GraphQL Voyager as a tool for API security testing

Nikita Stupin
Apr 4, 2019 · 3 min read
One of Google Image results on “voyager” query. Image source.

You are facing GraphQL API and want to test its security. But introspection query gives you huge unreadable JSON, web application uses only part of GraphQL API, and of course there is no public documentation. How to understand and test GraphQL API in such case?

Luckily there is the tool called GraphQL Voyager which visualises GraphQL schema. It’s especially useful for understanding GraphQL API and finding authorization vulnerabilities.


If you are new to GraphQL here are good starting points for learning it:

  1. https://www.howtographql.com/ — takes interactive approach with practical tasks and milestones. Gets you from zero to your first GraphQL application.
  2. https://graphql.org/learn/ — utilises documentation approach. Good to learn specific topics on GraphQL.
  3. [upd 04.07.19] https://ctf.hacker101.com — HackerOne created two tasks for GraphQL. It’s a good place to give Voyager a try. Tasks named as BugDB v1 and BugDB v2.

Why use GraphQL Voyager?

Unfortunately schema is usually returned as huge JSON thus it’s to understand API by reading it. A visual representation of the same schema is a completely different story. Better to see once than hear a hundred times:

JSON vs IMAGE

How to use

Step 1. Obtain specially crafted introspection query:

Step 2. Execute introspection query agains target GraphQL endpoint:

Step 3. Copy and paste obtained GraphQL schema to Voyager.


Step 2 may vary from target to target since GraphQL requests may be implemented differently but you’ve got a general idea.

Conclusion

But it can be further improved by adding a “diff” feature. The idea is that you can monitor changes in target’s GraphQL API and then visualise diff of this changes. This will help you to quickly reveal new functionality and understand changes in existing one.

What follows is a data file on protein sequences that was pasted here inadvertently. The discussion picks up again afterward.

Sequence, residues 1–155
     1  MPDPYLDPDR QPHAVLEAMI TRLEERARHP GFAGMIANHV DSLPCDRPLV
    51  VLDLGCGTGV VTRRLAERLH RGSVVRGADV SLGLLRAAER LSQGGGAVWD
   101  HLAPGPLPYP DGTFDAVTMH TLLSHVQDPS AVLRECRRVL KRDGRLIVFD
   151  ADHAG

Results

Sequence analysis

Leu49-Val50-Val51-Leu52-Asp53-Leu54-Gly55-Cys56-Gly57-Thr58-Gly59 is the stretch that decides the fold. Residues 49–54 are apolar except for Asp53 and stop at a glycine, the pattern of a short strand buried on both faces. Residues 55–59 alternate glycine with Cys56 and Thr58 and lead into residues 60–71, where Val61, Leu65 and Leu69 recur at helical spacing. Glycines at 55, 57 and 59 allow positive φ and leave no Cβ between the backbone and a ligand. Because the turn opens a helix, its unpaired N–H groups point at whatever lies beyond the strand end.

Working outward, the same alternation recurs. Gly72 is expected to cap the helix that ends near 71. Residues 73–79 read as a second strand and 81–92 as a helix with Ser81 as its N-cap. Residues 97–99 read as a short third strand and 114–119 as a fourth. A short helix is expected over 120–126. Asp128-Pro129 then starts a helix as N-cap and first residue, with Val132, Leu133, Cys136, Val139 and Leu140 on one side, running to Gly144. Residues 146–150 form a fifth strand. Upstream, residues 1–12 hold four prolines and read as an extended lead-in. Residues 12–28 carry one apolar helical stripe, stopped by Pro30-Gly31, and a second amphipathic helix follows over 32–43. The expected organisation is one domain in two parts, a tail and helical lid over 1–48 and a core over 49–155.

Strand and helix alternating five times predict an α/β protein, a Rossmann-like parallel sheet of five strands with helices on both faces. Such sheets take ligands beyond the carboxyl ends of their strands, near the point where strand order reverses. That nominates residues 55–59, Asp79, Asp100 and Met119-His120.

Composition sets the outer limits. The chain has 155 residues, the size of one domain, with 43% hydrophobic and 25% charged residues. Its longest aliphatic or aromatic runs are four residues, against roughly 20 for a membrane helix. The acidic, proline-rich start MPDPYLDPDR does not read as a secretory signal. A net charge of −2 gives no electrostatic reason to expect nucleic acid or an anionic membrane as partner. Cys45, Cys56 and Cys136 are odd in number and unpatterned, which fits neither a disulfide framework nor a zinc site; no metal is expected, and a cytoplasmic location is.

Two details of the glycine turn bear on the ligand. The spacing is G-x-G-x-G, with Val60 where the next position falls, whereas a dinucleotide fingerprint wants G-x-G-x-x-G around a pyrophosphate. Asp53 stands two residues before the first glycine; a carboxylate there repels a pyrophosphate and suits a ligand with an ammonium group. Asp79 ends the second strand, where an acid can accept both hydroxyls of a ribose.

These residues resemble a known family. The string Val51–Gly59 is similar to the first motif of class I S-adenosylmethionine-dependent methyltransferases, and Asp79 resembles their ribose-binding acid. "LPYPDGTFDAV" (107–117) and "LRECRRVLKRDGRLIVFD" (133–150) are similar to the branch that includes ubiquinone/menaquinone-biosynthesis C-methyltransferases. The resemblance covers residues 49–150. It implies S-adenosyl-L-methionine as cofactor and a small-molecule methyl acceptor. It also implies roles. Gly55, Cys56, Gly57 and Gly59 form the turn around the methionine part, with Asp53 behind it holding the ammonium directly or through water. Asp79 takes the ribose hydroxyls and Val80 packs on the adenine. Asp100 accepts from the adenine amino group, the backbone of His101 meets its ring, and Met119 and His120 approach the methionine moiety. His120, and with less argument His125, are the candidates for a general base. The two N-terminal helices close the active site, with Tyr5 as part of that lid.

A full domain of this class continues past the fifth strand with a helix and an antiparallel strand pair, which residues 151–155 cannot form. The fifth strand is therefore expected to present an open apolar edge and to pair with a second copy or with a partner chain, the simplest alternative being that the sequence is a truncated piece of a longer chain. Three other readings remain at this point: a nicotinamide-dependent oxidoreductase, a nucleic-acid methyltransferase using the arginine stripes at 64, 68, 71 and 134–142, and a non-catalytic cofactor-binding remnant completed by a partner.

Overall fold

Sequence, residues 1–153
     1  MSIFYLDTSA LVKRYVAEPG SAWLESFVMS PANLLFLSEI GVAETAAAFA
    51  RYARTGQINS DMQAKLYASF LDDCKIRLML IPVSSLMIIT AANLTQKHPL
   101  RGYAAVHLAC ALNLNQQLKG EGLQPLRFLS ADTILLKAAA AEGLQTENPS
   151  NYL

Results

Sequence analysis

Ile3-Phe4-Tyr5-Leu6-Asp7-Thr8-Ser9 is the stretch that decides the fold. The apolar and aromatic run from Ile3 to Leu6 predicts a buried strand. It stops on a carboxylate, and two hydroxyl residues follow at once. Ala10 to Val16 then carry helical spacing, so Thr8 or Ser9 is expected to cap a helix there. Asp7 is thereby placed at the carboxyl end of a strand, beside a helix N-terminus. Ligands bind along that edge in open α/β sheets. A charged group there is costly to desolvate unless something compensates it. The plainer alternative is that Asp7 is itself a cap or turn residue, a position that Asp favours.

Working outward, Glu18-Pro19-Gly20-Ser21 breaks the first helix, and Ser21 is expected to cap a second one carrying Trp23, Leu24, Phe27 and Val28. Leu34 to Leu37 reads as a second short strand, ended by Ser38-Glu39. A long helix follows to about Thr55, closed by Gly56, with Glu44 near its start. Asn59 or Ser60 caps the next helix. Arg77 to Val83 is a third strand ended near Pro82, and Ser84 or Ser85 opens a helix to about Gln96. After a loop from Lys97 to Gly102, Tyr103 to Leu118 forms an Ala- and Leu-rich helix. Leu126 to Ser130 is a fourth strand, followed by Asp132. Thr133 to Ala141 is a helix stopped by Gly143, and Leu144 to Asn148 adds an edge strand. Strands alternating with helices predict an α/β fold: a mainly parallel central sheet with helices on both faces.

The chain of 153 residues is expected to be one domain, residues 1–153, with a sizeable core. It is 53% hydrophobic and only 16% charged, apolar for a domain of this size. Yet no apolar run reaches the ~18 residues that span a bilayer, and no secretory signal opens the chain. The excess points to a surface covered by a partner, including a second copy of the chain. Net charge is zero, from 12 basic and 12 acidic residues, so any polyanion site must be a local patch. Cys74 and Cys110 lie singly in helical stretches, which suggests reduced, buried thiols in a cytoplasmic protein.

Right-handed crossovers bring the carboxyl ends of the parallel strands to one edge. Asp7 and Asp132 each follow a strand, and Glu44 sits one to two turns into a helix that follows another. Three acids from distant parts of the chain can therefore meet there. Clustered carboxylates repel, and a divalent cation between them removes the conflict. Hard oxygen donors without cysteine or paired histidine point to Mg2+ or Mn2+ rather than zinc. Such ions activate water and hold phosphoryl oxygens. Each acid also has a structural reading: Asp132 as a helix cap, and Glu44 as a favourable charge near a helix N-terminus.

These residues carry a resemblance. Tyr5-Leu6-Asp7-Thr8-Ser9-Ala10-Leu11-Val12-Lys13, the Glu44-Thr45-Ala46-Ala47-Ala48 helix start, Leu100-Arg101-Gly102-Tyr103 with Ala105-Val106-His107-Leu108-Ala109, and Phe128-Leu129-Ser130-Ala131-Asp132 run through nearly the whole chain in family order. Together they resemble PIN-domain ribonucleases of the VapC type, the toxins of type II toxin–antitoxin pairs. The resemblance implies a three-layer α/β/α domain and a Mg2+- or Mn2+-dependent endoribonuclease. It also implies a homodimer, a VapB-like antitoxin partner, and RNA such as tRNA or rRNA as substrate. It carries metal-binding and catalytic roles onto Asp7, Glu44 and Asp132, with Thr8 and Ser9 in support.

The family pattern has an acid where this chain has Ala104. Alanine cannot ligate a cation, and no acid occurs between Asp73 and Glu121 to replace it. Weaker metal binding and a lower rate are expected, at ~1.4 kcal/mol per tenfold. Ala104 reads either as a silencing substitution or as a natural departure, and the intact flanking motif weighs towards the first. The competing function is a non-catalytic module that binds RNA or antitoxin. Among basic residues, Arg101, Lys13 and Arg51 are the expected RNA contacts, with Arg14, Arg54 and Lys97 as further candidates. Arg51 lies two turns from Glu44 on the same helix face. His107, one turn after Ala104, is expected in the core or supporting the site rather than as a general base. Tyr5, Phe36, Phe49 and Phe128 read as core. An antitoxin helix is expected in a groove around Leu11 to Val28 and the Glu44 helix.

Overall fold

I’ve created an issue for the diff feature on Voyager’s GitHub. You may contribute in its development by:

  1. (easy way) Voting up on issue. So developers will prioritise it.
  2. (hard way) Get your hands dirty and code this feature since GraphQL Voyager is open source project.

InfoSec Write-ups

A collection of write-ups from the best hackers in the…

Nikita Stupin

Written by

https://twitter.com/_nikitastupin

InfoSec Write-ups

A collection of write-ups from the best hackers in the world on topics ranging from bug bounties and CTFs to vulnhub machines, hardware challenges and real life encounters. In a nutshell, we are the largest InfoSec publication on Medium. Maintained by Hackrew

Nikita Stupin

Written by

https://twitter.com/_nikitastupin

InfoSec Write-ups

A collection of write-ups from the best hackers in the world on topics ranging from bug bounties and CTFs to vulnhub machines, hardware challenges and real life encounters. In a nutshell, we are the largest InfoSec publication on Medium. Maintained by Hackrew

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